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Pearl Toh, 12 Sep 2020
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Central obesity linked to obstructive CAD in women with stable chest pain

28 Oct 2019

In postmenopausal women with stable chest pain undergoing invasive coronary angiography, central obesity may predict the development of obstructive coronary artery disease (CAD), according to a study.

Researchers used data from a nationwide registry including 659 women with chest pain aged >55 years. All women were undergoing elective invasive coronary angiography in the suspicion of CAD.

A total of 311 women (47.2 percent) developed obstructive CAD, which was defined as angiographic findings of ≥50 percent diameter stenosis with any major epicardial coronary artery.

The number of those with overall obesity (body mass index [BMI] ≥25 kg/m2) did not significantly differ between women with and without obstructive CAD (p=0.340). On the other hand, obstructive CAD was detected more frequently in women with vs without central obesity (waist circumference of ≥85 cm; 55.5 percent vs 41.0 percent; p<0.001). Body mass index was similar in women with and without obstructive CAD (p=0.373).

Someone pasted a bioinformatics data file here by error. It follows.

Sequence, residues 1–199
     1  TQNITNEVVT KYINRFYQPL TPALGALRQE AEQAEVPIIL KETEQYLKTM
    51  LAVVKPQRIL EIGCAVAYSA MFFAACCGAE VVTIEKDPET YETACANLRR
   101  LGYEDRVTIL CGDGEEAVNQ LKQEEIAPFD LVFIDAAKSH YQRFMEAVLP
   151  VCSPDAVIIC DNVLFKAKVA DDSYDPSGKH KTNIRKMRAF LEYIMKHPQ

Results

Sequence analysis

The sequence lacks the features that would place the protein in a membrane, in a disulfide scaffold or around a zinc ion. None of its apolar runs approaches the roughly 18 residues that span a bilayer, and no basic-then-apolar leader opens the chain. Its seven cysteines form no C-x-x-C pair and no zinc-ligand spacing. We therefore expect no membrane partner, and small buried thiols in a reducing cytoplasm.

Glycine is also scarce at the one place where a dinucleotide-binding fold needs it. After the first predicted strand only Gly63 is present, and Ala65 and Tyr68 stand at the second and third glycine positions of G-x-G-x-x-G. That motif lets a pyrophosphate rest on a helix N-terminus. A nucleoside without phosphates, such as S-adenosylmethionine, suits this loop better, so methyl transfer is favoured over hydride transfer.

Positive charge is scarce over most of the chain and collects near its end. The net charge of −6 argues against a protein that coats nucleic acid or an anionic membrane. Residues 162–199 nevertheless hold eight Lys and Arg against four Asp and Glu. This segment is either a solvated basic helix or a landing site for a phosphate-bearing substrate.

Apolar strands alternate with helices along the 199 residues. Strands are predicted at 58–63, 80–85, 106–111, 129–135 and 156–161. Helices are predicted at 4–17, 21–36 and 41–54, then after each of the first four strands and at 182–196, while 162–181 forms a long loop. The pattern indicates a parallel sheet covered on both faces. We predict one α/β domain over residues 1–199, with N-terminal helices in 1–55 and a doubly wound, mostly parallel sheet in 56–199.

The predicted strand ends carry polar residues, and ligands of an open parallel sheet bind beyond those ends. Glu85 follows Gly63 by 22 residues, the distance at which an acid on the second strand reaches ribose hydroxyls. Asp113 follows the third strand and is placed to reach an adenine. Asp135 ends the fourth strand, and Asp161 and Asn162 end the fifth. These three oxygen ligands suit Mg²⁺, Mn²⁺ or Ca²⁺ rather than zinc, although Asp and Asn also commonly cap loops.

On multivariable analysis, central obesity was associated with a greater likelihood of obstructive CAD (odds ratio, 1.61, 95 percent CI, 1.10–2.34; p=0.013). This was not true for overall obesity (p=0.228).

The present data show that relative to overall obesity, central obesity is a better predictor of obstructive CAD in women with stable chest pain, according to the researchers.

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Most Read Articles
Pearl Toh, 12 Sep 2020
Early initiation of rhythm-control therapy led to a significantly reduced risk of major adverse cardiovascular (CV) outcomes compared with usual care (typically rate control) in patients with newly diagnosed atrial fibrillation (AF) at risk of stroke, reveals the EAST-AFNET 4* trial presented at ESC 2020.
Audrey Abella, 16 Sep 2020
The final results of EVAPORATE* reinforce the plaque-regressing potential of icosapent ethyl (IPE) in patients on statins for elevated triglycerides.